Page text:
Allen Stanford’s international “banking” empire is falling apart. How’s his work as a Houston real estate developer holding up?
Stanford Development Corporation still owns a couple of units on the top floor of the Stanford Lofts, the 5-story East Downtown condo building topped with a starred tiara that the company completed in 2002, just a few blocks east of Minute Maid Park. But owning the condos didn’t prevent the condo owners association from filing a construction-defect lawsuit against the Stanford Lofts developers and builders in 2007, charging Stanford Development with “breach of contract, Deceptive Trade Practices, breach of warranty, fraud, and negligent design, construction, and supervision.”
The summary of problems with the building included in the original complaint is 9 pages long, and includes failure to meet building codes, wall cracks and leaks, structural movement, and a series of defects causing continuing problems with water infiltration. The repair estimate: more than $2 million.
The case has dragged on for some time. Attorneys for the Stanford Condo Owners Association complained that Stanford Development was dragging its feet, arguing last year in response to a stay request:
If this stay is granted, SDC will have succeeded in delaying this matter for at least a year, giving the Association the Hobson’s choice of waiting indefinitely for the appeal to play out, and later to complete discovery and have a jury trial, or giving in to SDC’s demand and arbitrate to get a ruling a year sooner. Not only are the problems continuing, but sales of units have essentially shut down. Unit owners cannot sell a unit without disclosing the problems, and no sane buyer would buy into this mess. . . . The building needs to be properly repaired before sales can resume. The delay is really hurting the Association and the unit owners, and the damages are ongoing.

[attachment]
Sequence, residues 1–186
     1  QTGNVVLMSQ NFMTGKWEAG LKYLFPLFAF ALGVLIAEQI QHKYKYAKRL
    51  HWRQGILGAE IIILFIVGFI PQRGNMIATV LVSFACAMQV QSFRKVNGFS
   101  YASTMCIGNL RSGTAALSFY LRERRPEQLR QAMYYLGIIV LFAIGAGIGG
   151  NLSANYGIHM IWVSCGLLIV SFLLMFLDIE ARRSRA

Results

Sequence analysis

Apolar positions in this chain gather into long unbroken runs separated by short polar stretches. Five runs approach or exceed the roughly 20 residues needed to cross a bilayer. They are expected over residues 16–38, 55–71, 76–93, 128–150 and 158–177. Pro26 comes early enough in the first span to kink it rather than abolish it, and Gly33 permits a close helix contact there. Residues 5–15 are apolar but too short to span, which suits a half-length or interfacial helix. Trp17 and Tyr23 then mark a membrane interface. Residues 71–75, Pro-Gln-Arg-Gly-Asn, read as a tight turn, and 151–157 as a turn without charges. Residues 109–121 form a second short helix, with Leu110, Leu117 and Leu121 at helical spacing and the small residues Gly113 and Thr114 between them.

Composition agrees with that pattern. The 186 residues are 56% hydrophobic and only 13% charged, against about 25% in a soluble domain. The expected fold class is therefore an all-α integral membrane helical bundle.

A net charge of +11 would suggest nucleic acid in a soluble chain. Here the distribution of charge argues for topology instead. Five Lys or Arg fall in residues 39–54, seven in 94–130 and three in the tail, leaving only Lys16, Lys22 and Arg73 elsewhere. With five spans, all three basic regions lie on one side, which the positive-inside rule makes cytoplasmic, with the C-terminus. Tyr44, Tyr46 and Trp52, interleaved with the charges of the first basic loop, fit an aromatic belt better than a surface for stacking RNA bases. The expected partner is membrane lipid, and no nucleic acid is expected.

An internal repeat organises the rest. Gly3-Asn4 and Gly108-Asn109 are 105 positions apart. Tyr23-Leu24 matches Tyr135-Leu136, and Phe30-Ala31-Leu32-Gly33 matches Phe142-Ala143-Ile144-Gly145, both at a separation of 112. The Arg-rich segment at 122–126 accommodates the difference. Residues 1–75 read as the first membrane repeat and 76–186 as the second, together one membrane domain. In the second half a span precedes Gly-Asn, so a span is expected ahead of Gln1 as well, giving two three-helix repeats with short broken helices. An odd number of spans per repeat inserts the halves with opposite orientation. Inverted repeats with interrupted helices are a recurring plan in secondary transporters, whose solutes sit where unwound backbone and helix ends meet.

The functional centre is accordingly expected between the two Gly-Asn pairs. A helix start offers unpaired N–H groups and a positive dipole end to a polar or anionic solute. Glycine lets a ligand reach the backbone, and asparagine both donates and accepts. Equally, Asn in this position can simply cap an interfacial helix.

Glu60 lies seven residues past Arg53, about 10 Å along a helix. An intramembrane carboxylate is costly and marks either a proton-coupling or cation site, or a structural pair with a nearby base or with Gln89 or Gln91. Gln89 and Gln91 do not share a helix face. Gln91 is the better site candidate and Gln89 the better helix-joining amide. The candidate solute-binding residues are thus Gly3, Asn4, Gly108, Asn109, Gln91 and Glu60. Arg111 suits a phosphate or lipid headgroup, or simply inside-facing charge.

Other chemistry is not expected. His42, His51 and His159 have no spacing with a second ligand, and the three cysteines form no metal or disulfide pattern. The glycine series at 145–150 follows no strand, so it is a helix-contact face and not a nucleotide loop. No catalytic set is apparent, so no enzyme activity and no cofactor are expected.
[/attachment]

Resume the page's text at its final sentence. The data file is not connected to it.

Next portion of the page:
Lawyers for Stanford Development argued that the case had no business in court, because of an arbitration clause contained in all the earnest-money contracts. But a trial court denied Stanford’s motion to compel arbitration.
Late last month, the First District Court of Appeals reversed that ruling. In an opinion penned by Chief Justice Sherry Radack, the court held that the arbitration agreements were binding on the owners association, because it had based its suit in part on the contracts that contained them.
What about owners who didn’t sign contracts with Stanford Development, but bought from previous individual owners? Could anyone buy a condo and then sue? Sorry: The appeals court also ruled that all future buyers will be stuck with arbitration too.
- The Stanford Lofts [Stanford Development Corporation]
- Stanford Condominium Owners Association vs. Stanford Development Corporation [Harris County District Clerk]